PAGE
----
• Blacks Can’t Be Racist: Moeletsi Mbeki’s Artificial Post-Racial Destination In South Africa

    To date, a high percent of land in South Africa is still owned by the few whites. This is not acceptable and should not be the case. It is the betrayal to all those who died fighting for our liberation. Fanon stated that every generation has its own struggle and must define itself.

  • Australia: Strolen Land

    Owing to the propaganda campaign of anti-Black bodies like Afri-Forum, recently the Australian Minister of Home Affairs, Peter Dutton, publicly declared the Australian government's willingness to fast track the visa applications for white South African farmers.

  • Emakasana

    following untold periods in self-Coventry to the bourgeois quarters of comfortable Johannesburg, I finally plucked up the courage to journey back to emakasana this past weekend for some R ‘n R with kith and kin, and some long-standing associates.

  • LEGENDS LIVE at MTN Bushfire 2018

    The MTN Bushfire, Swaziland, 2018 artist line-up just got that much hotter with the announcement of African mega-starsSalif Keita & Yemi Alade & Ladysmith Black Mambazo as the latest addition to the main-stage for the festival taking place from May 25th – 27th.

  • Uncensored Black Consciousness: The Return

    It is an undeniable fact that we have certainly travelled a milestone since the original concept of Black Consciousness was introduced and written by the late legendary social activist, Steven Bantu Biko, in his piece, I Write What I Like.

  • Mama Veronica Sobukwe Receives Order Of Luthuli: An Honor Too Little, Too Late

    On the 28th April 2018, a day after Freedom Day, 90 years old struggle stalwart and anti-apartheid activist affectionately known as the ‘Mother of Azania’, Mama Zondeni Veronica Sobukwe, will be awarded the Order of Luthuli: Silver by South African President, Cyril Ramaphosa, at the Sefako Makgatho Presidential Guest House in Pretoria.

  • Bedlam in Bedlam

    Bedlam In Bedlam written and performed by Wazi M Kunene, is set to showcase on Saturday 12 May 2018 at the J&B Hive in Braamfontein Johannesburg. The poetry and music showcase features a four piece band (Bass, Drums, Keys, and Lead Guitar).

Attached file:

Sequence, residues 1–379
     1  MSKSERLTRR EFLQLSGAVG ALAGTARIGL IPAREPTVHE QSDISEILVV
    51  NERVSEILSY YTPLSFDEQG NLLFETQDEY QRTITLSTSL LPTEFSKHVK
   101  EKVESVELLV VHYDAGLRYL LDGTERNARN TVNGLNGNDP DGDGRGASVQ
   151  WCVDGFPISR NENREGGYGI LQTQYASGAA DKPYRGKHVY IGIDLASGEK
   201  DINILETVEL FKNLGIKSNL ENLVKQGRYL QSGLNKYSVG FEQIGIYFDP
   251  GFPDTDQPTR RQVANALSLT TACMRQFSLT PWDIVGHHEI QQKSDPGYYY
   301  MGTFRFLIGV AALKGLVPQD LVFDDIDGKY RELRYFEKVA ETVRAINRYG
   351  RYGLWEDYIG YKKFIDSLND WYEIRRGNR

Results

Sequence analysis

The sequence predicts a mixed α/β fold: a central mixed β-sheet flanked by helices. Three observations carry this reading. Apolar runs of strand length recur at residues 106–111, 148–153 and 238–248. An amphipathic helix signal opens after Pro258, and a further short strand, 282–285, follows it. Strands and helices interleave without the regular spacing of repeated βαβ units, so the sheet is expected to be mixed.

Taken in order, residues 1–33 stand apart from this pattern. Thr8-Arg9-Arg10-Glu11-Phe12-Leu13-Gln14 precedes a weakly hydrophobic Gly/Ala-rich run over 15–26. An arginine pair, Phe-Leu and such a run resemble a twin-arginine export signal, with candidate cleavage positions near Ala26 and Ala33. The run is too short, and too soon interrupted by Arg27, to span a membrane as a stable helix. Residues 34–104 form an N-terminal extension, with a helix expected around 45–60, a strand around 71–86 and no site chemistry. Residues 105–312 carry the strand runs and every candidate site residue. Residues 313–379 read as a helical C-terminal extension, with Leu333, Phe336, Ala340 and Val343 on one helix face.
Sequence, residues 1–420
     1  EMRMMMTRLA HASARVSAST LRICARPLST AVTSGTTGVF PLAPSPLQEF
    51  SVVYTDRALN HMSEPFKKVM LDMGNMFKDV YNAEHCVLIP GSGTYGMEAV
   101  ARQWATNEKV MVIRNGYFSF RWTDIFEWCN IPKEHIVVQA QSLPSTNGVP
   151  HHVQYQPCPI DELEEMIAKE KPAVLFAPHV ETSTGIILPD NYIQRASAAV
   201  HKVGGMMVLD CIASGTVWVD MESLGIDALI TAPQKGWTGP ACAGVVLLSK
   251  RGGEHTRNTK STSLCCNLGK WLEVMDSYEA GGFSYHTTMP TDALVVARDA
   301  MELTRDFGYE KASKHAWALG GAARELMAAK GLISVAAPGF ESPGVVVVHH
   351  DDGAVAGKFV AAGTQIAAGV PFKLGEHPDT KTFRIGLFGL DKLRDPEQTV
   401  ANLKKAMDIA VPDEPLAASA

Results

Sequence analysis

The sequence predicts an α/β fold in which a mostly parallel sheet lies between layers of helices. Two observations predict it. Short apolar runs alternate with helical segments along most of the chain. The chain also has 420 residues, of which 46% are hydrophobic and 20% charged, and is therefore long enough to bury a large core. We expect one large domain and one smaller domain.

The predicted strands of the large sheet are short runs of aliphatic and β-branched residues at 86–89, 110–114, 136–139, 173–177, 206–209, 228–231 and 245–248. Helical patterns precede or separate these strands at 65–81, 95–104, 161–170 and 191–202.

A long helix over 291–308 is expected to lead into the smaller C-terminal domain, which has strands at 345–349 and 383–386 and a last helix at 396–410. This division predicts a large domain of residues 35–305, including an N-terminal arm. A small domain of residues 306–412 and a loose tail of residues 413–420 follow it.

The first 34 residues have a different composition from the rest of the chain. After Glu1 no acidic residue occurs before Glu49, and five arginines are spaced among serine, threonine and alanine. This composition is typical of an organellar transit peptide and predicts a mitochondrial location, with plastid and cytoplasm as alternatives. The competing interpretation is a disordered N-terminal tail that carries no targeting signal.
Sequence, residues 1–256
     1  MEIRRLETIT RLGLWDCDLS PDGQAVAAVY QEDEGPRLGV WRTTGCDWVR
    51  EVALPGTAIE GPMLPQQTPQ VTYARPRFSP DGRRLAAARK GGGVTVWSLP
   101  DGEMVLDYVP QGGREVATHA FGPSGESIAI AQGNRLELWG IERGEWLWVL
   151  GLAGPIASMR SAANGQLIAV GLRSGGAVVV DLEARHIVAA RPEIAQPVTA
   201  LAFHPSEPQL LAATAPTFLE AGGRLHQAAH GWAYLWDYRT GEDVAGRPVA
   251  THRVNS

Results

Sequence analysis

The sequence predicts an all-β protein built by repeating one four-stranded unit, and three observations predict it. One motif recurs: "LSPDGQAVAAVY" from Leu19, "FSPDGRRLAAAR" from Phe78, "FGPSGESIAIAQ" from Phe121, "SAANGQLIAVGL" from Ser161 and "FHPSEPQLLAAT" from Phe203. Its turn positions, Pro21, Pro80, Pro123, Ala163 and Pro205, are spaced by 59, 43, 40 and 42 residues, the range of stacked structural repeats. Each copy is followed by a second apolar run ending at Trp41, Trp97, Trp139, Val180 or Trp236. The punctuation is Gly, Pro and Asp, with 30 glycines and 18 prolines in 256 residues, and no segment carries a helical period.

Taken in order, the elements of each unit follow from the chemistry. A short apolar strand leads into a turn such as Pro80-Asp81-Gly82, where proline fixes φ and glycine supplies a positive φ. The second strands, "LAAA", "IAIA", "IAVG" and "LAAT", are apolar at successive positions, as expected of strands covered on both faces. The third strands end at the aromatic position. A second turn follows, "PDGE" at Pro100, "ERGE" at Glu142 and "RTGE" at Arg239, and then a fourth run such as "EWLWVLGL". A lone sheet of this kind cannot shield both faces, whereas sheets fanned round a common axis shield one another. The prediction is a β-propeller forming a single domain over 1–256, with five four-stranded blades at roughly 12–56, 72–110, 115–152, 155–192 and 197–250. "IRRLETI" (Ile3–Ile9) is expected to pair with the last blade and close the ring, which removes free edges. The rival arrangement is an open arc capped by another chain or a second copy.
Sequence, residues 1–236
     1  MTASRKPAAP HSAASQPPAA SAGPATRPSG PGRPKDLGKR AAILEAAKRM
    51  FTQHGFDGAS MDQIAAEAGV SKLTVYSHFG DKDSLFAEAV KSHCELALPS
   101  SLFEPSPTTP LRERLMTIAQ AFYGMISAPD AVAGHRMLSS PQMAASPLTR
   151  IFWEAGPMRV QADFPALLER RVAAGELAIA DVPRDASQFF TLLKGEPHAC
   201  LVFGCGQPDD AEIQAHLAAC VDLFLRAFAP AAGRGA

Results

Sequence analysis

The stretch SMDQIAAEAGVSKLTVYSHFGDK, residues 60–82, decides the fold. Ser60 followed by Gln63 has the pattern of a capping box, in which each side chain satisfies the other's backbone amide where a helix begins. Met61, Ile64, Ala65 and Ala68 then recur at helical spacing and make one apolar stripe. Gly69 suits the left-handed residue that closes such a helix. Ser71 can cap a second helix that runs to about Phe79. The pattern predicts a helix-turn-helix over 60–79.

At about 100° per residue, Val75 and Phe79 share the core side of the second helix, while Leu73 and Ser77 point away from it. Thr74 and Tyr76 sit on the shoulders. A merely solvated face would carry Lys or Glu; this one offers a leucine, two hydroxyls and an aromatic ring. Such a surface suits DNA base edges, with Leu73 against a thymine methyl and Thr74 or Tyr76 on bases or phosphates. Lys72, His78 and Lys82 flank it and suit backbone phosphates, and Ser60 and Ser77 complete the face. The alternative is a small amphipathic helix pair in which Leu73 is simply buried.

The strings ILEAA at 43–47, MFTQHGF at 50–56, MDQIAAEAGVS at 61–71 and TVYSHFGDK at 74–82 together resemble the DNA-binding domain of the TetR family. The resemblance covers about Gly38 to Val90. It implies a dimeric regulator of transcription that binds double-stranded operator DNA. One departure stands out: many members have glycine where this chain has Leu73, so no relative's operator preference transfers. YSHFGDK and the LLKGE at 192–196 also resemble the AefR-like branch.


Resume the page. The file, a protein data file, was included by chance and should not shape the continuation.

• A Celebration of Bra Hugh Masekela

    Joburg Theatre, in collaboration with The Hugh Masekela Heritage Foundation, will usher in Africa Month with a heart-warming celebration of Hugh Masekela’s theatrical music in an exclusive four-performance season on The Mandela stage, from Thursday, May 3rd to Sunday, May 6th.

  • Koša Ke Nnete

    Black Thought Symposium is a collective of artists, scholars and members of the community who are interested in using aesthetics as a theoretical site for understanding and giving account to the world we live in. The collective is committed to the development of arts and politics in a way that will translate into material change in our society.

  • The True History OF Sharpeville

    Post-1994 South Africa has a theatrical crisis of selective amnesia and partisan re-memberings of history.

  • Deluge In Swarga

    The captivating images, imagery, colours, sound and textures in the opening of Deluge in Swarga set Wazi Kunene apart and certainly compel one to calm down, shut down, listen up and be completely present.

  • Mama Sobukwe: The Mother of Azania

    “My mother is a very private person”. Dinilesizwe (bra Dini) Sobukwe – Robert Mangaliso Sobukwe’s eldest son – restrains our expectations in a sing-song deep-baritone voice that threatens to break into Barry White’s Acapella every time he opens his mouth.

  • Tjovitjo – For Us By Us

    For Azanians, our lives, our experiences and existence is the copyrighted sole property of a settler minority who have appointed themselves narrators of black life. In the arts and academia, this proprietorship is the normalised reality that artists of the land have to contend with in order to collect the crumbs meted out by the free market system.


  • On Twitter